Monte Carlo (MC) method was originally used and devised by Fermi, Von Neumann and Stanislaw Ulam to solve the BTE for transport of neutrons in the fissile material of the atomic bomb during the Manhattan Project of World War II [26]. Since these pioneering times in the mid 1940's, the popularity and use of the MC method has grown with the increasing availability of faster and cheaper digital computers. Its application to the specific problems of high-field electron transport in semiconductors is first due to Kurosawa [27] in 1966. Shortly afterwards the Malvern, UK, group [28] provided the first wide application of the method to the problem of the *Gunn effect* in GaAs. Applications to Si and Ge flourished in the 1970s, with an extensive work performed at the University of Modena, Italy. In the mid-1970s, a physical model of silicon was developed, capable of explaining major macroscopic transport characteristics. The band structure models were represented by simple analytic expressions accounting for nonparabolicity and anisotropy. The review articles by C. Jacoboni and L. Reggiani [29] and by Peter J. Price [30] provide a comprehensive and deep historical and technical perspective.

The Monte Carlo method is the most popular method used to solve the Boltzmann transport equation without any approximation made to the distribution function. In the Monte Carlo method, particles are used to represent electrons (holes) within the device. For *bulk* simulations, the momentum and energy of the particles (electrons and/or holes) are continuously updated. For actual *device* simulations, the real space position of the particle is updated as well. As time evolves, the updated momentum (and corresponding energy) is calculated from the various forces applied on the particle for that time step. The general concept of a Monte Carlo simulation is that the electrons (holes) are accelerated by an electric field until they cover a predetermined free-flight time. At the end of this, a scattering mechanism (due to impurities, lattice vibrations, etc.) is randomly chosen based on its relative frequency of occurrence, which randomize the momentum and energy of charge particles in time. The basic steps in a typical Monte-Carlo *device* simulation scheme include (see Refs. [31][32][33]):

Initialization.

Solution of the field (Poisson) equation: determine forces on electrons.

Simulate the electron dynamics (free-flight and scattering):

Charge assignment to the numerical nodes/grids.

Compute measurable quantities such as average energy, average velocity, and mobility of the particle ensemble.

Repeat steps 2-5 for each iteration.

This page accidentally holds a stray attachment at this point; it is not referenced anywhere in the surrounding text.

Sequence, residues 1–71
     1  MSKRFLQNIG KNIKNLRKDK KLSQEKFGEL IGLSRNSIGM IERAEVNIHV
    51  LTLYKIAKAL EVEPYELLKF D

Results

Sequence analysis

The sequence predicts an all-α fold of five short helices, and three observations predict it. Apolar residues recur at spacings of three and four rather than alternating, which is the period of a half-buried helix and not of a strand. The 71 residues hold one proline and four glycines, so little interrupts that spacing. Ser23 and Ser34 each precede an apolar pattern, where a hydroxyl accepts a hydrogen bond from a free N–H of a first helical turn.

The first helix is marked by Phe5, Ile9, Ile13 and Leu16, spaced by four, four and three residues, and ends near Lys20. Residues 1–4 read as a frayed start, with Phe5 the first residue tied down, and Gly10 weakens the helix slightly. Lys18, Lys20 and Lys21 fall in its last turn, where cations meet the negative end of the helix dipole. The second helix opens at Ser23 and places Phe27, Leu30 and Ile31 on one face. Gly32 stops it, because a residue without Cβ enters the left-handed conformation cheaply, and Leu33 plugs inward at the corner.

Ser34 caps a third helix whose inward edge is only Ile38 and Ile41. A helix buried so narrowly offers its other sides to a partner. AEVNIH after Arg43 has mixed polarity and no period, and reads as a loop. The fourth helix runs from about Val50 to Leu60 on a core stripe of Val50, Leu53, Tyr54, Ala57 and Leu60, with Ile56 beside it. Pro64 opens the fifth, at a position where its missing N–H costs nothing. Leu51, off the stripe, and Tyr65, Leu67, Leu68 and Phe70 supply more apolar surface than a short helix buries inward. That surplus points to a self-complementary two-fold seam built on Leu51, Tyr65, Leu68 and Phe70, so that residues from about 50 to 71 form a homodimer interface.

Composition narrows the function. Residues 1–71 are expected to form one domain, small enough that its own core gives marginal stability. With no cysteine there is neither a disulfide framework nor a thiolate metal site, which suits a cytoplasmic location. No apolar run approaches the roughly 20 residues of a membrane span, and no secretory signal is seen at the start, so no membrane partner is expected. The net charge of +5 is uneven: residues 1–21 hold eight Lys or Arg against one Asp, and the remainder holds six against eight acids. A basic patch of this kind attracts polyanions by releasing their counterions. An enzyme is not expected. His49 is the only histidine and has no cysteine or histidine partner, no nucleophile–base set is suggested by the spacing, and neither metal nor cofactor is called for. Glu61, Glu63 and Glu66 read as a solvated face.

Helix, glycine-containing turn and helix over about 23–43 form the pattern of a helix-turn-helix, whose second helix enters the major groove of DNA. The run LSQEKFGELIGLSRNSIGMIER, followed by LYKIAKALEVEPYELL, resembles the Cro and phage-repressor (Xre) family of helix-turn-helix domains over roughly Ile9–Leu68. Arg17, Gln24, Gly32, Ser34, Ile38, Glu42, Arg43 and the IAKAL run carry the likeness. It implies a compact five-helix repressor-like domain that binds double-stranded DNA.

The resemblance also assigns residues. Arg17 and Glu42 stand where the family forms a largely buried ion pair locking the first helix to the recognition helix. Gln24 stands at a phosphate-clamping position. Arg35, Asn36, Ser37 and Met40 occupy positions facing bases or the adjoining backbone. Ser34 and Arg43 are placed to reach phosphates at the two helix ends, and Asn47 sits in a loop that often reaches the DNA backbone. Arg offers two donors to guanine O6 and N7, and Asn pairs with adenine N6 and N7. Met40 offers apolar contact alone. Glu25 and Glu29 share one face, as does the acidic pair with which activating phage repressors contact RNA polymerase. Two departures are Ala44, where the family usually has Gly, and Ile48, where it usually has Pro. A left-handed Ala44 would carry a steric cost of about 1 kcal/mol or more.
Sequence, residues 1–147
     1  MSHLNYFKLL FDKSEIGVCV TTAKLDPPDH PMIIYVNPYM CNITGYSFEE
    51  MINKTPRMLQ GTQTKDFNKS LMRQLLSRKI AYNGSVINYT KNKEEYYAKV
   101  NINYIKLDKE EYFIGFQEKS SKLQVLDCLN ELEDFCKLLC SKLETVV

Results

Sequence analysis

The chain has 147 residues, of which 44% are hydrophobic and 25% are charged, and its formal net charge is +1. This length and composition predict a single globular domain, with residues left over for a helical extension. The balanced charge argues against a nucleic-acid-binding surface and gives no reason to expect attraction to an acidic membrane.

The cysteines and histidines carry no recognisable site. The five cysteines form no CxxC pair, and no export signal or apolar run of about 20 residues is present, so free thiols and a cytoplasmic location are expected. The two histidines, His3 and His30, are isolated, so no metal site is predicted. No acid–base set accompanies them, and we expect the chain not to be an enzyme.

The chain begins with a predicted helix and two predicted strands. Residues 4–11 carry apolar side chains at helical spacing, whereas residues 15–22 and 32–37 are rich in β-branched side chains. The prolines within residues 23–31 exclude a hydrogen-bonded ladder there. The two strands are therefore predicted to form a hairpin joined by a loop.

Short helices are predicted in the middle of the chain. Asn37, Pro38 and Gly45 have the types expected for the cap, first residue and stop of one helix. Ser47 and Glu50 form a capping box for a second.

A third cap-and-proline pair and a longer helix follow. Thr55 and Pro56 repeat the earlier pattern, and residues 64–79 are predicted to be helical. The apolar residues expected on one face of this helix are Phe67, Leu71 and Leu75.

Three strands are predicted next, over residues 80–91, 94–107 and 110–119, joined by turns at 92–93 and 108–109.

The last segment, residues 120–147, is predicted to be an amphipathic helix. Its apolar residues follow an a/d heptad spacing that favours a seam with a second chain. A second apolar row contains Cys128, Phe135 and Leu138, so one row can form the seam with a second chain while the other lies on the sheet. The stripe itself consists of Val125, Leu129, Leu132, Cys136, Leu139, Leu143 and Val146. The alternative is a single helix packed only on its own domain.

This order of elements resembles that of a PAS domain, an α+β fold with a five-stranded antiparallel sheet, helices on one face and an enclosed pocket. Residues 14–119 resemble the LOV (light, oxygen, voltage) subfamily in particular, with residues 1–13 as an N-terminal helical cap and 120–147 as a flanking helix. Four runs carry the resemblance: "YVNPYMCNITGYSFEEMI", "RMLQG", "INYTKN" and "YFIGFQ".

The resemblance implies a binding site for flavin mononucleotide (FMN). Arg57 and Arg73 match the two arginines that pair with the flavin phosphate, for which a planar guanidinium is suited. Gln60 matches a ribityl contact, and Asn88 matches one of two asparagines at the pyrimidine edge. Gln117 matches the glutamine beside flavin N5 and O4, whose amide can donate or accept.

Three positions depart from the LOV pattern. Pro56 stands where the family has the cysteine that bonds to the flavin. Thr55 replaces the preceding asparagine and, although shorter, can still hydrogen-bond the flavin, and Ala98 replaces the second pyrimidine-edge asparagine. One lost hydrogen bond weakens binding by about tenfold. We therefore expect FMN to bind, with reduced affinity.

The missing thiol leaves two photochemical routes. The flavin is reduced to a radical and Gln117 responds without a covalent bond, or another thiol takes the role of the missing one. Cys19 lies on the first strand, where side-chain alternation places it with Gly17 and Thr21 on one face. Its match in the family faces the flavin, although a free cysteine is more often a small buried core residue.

The *initialization* includes the calculation/setting of various material parameters such as the electronic band structure, scattering rates and (particularly for *device* simulation) the definition of the computational domain and initial electron distributions. In order to determine device characteristics, such as drain current in a MOSFET, it is necessary to solve the carrier transport equations using the device parameters (including doping concentration and type, channel length, channel width, and oxide thickness) and boundary conditions (such as terminal voltages) for the particular device being simulated. The device is divided into grids/cells by a numerical discretization technique (usually finite difference method). In the actual implementation, for each dimension, maximum number of node points is set as a program parameter and the relevant array sizes are optimally (often dynamically) allocated. Provision may be kept for using nonuniform mesh spacing along different axial dimensions of the device. The source and drain contact charges are then calculated by multiplying the doping density with the volume of a single cell. Then, the Poisson equation is solved for the applied gate bias only (keeping source/drain/substrate bias equal to zero) and the resulting potential distribution is used to populate/generate carriers in each of the cells in the active region through the use of appropriate equilibrium distribution function (usually Fermi-Dirac). It is always convenient to begin the simulation in thermodynamic equilibrium where the solution is known. When an electron is introduced in the device active region, the real space coordinates of the electron are determined based upon the position of the node where it is being added. Under the assumption of charge-neutrality, the total number of free carriers within the device must equal the total number of ionized dopants. In the non-equilibrium simulation, the remaining boundary biases are applied at different contacts/terminals (source/drain/substrate). The program control is then transferred to the Monte Carlo iterative transport/dynamics kernel. Here, for each pre-selected time step (typically fractions of femtosecond) the carriers undergo the free-flight-scatter sequence. During a time interval, Δ*t*, each electron is accelerated according to Newton’s second law of motion. For a semiconductor with *ellipsoidal* constant energy surfaces, such as silicon, the effective mass is a tensor quantity. Using Hering-Vogt transformation [31]